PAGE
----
Backups are broadly divided into standard backups of an entire drive or drives from which individual files or folders can be restored or system images that make a restorable copy or clone of the entire system or drive from which individual files or folders cannot be selected for restoration. Standard backups allow full or incremental backups that only backup changes made after a full backup has been created. If a full backup was created on say the first day of a week (Monday) and incremental backups were created daily until the next full backup was created on the next Monday, a full backup restored six days after the first full backup (on the following Sunday) would require that the six incremental backups be restored after that first full Monday’s backup was restored.
If your computer is rendered a write-off by an electrical spike, etc., if have files-and-folders backups that can be reinstalled on a different computer, you can recover pretty quickly. Just copy the files to a new computer which has Windows 10 installed on it. Restoring a system image – a snapshot of the old system – to a new computer would be more difficult because it contains the software device drivers for the old computer that won’t work on the new computer because they can only work on the specific hardware they were created to work on. You need to use a third-party system imaging tool that has that capability, such as Paragon Backup & Recovery 15 Home, which allows the system images it creates to be restored to a different computer. Note that the Paragon Backup & Recovery Free Edition can only restore to the same computer that the system image was created on.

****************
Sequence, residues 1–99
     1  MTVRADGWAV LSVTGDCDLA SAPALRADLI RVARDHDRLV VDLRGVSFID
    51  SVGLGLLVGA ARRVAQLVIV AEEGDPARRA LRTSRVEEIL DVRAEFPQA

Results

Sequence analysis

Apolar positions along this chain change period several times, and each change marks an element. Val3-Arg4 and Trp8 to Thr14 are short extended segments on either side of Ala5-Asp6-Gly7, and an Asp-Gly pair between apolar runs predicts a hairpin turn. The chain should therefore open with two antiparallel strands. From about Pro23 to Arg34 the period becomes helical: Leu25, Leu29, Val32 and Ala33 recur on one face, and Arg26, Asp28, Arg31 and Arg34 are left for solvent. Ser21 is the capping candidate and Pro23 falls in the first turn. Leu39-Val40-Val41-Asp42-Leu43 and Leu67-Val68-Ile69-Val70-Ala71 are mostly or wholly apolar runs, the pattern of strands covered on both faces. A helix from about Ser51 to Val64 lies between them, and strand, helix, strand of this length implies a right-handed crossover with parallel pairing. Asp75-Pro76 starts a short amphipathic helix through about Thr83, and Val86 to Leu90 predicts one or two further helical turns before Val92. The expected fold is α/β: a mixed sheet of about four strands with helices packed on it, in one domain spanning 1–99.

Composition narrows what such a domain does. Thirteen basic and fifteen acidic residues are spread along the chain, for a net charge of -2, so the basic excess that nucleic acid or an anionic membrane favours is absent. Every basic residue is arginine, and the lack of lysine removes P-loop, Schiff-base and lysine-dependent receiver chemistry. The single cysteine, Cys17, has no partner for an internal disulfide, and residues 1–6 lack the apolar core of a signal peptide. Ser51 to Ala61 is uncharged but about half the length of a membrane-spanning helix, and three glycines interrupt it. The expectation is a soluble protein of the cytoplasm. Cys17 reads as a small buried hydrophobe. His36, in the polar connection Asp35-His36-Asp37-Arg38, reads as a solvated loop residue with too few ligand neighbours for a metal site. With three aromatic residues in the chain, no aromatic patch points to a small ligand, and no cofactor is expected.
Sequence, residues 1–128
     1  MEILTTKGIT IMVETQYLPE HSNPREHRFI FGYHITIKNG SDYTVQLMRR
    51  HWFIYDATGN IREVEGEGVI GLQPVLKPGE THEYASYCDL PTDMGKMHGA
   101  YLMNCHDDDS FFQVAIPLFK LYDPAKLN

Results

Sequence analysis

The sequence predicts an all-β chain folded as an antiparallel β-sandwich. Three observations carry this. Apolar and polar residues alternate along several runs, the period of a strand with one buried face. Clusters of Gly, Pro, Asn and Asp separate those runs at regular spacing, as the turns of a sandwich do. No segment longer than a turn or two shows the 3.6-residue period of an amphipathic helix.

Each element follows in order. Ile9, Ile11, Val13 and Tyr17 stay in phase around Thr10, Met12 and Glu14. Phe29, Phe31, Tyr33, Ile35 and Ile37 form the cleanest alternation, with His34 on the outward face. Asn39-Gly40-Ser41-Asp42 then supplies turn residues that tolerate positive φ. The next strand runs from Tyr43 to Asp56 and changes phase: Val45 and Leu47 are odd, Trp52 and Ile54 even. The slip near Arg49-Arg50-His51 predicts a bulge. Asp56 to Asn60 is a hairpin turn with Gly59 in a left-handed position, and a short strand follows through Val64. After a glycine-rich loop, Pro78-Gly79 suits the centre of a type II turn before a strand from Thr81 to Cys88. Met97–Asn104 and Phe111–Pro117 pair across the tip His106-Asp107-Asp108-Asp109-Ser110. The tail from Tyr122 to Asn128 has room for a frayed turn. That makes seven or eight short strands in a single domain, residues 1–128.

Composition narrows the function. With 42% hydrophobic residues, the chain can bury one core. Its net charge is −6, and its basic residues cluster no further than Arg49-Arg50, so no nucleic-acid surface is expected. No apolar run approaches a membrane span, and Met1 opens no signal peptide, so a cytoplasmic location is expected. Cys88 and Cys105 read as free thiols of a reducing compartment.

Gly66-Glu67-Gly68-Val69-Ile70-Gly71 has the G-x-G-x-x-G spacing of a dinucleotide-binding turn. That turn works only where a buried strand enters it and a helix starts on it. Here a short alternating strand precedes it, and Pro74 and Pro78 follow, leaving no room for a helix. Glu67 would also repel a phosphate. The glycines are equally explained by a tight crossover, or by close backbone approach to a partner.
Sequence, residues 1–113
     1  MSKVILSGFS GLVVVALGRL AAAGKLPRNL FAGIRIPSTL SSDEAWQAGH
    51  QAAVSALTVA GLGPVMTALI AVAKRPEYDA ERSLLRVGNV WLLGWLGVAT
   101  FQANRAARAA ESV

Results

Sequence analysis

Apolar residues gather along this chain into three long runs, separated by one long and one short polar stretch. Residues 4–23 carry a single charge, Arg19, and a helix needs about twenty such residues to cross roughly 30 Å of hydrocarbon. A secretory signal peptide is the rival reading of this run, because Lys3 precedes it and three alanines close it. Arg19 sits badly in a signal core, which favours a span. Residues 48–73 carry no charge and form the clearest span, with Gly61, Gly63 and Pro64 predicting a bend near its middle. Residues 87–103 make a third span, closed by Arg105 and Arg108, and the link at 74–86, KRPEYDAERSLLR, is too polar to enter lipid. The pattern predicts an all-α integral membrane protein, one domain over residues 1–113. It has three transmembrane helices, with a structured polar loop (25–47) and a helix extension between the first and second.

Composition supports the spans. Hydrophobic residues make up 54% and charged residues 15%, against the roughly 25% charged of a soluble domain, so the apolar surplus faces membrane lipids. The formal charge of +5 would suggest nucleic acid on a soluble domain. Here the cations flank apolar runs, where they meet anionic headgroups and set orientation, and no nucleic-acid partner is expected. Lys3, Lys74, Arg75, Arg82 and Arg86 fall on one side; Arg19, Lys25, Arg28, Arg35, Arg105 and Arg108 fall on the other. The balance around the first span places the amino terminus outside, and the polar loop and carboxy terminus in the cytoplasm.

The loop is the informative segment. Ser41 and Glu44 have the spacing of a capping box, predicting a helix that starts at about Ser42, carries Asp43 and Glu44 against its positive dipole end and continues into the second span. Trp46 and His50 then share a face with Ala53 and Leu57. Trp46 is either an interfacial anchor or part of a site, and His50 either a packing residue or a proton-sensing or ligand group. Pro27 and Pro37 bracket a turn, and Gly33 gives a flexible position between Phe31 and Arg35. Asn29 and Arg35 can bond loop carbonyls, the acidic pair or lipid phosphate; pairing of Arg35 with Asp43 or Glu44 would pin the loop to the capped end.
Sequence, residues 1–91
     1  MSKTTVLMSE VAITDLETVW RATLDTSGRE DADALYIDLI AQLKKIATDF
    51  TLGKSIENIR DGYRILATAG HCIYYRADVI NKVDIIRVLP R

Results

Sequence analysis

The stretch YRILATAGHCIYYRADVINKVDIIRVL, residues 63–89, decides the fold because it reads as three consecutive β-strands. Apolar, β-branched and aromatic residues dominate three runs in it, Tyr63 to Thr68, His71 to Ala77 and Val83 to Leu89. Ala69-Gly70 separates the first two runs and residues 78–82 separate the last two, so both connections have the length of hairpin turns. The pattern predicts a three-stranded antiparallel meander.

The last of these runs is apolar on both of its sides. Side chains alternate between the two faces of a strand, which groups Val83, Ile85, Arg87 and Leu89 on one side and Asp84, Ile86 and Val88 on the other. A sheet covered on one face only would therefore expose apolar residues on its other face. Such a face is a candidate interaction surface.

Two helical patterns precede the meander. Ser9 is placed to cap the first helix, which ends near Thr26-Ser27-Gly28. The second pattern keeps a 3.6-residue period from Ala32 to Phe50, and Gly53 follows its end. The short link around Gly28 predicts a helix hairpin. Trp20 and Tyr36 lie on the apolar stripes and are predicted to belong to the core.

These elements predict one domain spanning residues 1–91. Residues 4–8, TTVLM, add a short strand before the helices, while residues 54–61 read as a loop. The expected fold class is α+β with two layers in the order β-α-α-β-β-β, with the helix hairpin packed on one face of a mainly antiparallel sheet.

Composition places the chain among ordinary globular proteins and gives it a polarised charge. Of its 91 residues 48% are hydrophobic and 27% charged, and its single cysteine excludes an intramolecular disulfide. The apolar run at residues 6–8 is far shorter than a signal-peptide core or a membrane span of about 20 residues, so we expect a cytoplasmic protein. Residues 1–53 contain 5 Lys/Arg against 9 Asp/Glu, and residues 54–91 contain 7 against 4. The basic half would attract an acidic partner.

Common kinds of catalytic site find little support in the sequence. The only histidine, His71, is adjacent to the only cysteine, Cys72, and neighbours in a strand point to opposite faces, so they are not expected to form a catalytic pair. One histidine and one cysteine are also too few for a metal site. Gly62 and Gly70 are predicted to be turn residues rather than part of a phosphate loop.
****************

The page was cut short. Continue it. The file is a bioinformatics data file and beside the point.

Paragon Backup & Recovery 15 Home –
Microsoft says: “Microsoft does not support restoring a system state backup from one computer to a second computer of a different make, model, or hardware configuration,” which means that if you have created a system image using the Backup & Restore software that comes with Windows 7, 8.1 and 10 you won’t be able to restore it to a different computer unless its hardware matches the one that was put out of action as fully as possible – is running the same motherboard that supports the same processor (Intel/AMD CPU). In short, for Windows to be able to restore to a different computer it must be using as many of the same device drivers as the one that was put out of action as is possible.